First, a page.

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Research Focus

Featured Faculty


Peter Medveczky, MD

  • We are virologists and molecular biologists interested in oncogenic and neurotropic herpesviruses. These large DNA viruses cause cancer and neurodegenerative diseases.
  • Project 1 involves experiments on the Kaposi's sarcoma Associated Herpesvirus (KSHV) related to latency and oncogenic transformation. In this context we also study the role of marijuanas major compound THC and its receptors in modulation of oncogenic herpesviruses. Project is funded by a 5 year NIH grant.

  • Project 2 is molecular biology of the viral interleukin-6 (vIL-6) of KSHV that is possibly involved in the oncogenic transformation process. Funding is pending.

  • Project 3 Identification novel oncogenic viruses in AIDS lymphomas (50% has no known etiology). Funding is pending.

  • Project 4 Human herpesvirus 6 (HHV-6) is implicated in the pathogenesis of multiple sclerosis (M.S.). Recent data show that variant HHV-6A infected marmosets develop an MS-like disease but variant B infected animals remain healthy suggesting that variant A virus encodes specific genes responsible for this phenotype. About 65 genes of the two variant genomes are highly homologous; however, about 15 genes show significant sequence divergence. Currently we are developing a system to identify genes of interest e.g. involved in neurotropism and M.S. Funded by a small grant and other grants are pending.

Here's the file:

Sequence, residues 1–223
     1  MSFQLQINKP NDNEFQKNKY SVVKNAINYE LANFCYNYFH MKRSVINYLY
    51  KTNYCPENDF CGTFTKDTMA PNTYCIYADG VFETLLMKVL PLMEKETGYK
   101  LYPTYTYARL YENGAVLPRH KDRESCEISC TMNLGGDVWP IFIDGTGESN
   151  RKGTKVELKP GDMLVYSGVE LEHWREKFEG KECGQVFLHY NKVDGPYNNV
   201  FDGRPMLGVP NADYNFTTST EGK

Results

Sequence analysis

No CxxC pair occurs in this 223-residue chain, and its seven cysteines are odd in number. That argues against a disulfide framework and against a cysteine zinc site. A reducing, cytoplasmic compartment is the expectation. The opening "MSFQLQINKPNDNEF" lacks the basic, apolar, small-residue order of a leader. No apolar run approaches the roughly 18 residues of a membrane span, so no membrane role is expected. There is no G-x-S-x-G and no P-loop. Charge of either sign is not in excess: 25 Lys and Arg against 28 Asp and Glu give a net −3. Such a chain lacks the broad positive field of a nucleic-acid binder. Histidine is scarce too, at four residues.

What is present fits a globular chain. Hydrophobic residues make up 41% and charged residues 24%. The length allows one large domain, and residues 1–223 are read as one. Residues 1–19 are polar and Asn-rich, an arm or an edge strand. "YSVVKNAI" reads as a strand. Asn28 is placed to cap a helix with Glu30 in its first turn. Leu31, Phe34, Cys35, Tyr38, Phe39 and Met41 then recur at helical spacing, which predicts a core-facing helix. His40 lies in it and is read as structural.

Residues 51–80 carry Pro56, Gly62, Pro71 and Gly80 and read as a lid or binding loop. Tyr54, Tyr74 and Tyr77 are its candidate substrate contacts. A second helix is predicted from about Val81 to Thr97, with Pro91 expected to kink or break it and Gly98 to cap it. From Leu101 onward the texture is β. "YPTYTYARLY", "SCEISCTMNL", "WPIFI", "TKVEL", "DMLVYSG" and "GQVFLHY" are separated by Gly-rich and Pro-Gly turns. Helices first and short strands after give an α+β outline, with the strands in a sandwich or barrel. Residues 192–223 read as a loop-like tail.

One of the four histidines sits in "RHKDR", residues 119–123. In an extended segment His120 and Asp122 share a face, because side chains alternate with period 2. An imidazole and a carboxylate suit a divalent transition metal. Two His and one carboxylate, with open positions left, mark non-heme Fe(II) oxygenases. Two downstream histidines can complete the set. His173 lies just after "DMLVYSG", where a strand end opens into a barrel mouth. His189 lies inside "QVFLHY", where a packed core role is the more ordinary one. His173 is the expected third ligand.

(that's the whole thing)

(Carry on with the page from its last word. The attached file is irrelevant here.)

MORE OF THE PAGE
• Project 5 HHV-6 is a unique human virus as we discovered that its genome integrates into telomeres of human chromosomes. We have identified families with integrated HHV-6 in chromosomes 17 and 18. These patients are diagnosed with various CNS conditions and show weakened immune responses.


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Post Docs


Joshus Radke

Postdoctoral Scholar Research, NON USF HEALTH
  • Research in the White lab is focused on the malaria-related protzoan parasite Toxoplasma gondii. T.gondii is an obligate intracellular parasite that causes severe disease in people with underdeveloped or compromised immune systems. Toxoplasmosis can be a lethal infection for people with AIDS, those undergoing chemotherapy and recent transplant recipients. Pathogenesis in this disease is the result of uncontrolled parasite growth in conjunction with significant tissue damage and inflammation. Given that parasite growth and division is critical to disease, it is important to understand the mechanisms that regulate the progression through the parasite cell cycle. Approximately ~2500 mRNAs show cyclic patterns of expression during parasite division, however, the transcriptional mechanisms that regulate periodic gene expression are largely uncharacterized. The recent discovery of a class of plant-like transcription factors in Apicomplexa has revealed an important set of proteins that play a critical role in parasite development and division.
  • My project centers on the characterization of these plant-like transcription factors, specifially those that lie in S-phase of the cell division cycle, a very critical and unique step in these parasites. What these factors regulate and how they are regulated is critical to our understanding of the progression of the cell division cycle in Toxoplasma gondii.